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The Poetics of Sovereignty in American Literature, 1885–1910

The Poetics of Sovereignty in American Literature, 1885–1910 by Andrew Hebard
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During the Progressive Era, the United States regularly suspended its own laws to regulate racialized populations. Judges and administrators relied on the rhetoric of sovereignty to justify such legal practices, while in American popular culture, sovereignty helped authors coin tropes that have become synonymous with American exceptionalism today. In this book, Andrew Hebard challenges the notion of sovereignty as a 'state of exception' in American jurisprudence and literature at the turn of the twentieth century. Hebard explores how literary trends such as romance and realism helped conventionalize, and thereby sanction, the federal government's use of sovereignty in a range of foreign and domestic policy matters, including the regulation of overseas colonies, immigration, Native American lands, and extra-legal violence in the American South. Weaving historiography with close readings of Mark Twain, the Western, and other hallmarks of Progressive Era literature, Hebard's study offers a new cultural context for understanding the legal history of race relations in the United States.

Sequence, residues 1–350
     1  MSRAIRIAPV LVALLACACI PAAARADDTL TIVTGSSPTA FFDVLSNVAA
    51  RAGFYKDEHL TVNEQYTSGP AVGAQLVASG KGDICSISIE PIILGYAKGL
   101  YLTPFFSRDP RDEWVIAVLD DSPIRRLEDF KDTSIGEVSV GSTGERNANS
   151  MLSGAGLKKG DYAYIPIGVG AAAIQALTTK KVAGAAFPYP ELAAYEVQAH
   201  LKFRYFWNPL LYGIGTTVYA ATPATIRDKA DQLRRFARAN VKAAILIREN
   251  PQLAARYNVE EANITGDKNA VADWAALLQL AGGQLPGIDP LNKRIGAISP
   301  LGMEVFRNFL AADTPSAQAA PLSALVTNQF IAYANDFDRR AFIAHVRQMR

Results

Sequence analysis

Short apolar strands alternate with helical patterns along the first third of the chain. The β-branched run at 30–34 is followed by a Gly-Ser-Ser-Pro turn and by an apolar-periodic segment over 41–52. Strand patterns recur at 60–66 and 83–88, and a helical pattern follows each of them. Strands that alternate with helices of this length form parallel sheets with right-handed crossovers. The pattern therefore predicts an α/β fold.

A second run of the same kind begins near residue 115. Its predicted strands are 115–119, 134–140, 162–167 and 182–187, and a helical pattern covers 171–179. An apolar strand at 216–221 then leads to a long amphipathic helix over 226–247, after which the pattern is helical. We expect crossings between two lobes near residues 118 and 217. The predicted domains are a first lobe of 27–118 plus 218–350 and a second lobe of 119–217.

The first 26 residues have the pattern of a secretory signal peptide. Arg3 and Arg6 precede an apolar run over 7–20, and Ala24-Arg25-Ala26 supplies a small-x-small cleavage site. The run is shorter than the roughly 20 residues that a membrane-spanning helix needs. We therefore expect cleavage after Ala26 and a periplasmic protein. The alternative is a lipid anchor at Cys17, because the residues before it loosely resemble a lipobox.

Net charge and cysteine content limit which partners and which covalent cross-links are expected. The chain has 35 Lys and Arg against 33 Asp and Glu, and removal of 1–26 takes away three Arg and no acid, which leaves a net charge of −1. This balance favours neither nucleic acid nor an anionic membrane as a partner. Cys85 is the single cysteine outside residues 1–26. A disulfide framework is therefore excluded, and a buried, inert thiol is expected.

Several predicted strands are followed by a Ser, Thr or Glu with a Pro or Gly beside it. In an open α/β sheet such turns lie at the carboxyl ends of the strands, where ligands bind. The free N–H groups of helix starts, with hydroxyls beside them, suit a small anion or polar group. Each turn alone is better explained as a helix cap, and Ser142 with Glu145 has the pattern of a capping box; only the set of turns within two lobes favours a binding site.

Cambridge University Press; December 2012
224 pages; ISBN 9781139854238
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Title: The Poetics of Sovereignty in American Literature, 1885–1910
Author: Andrew Hebard
 
ISBNs
1139848321
9781107028067
9781139848329
9781139854238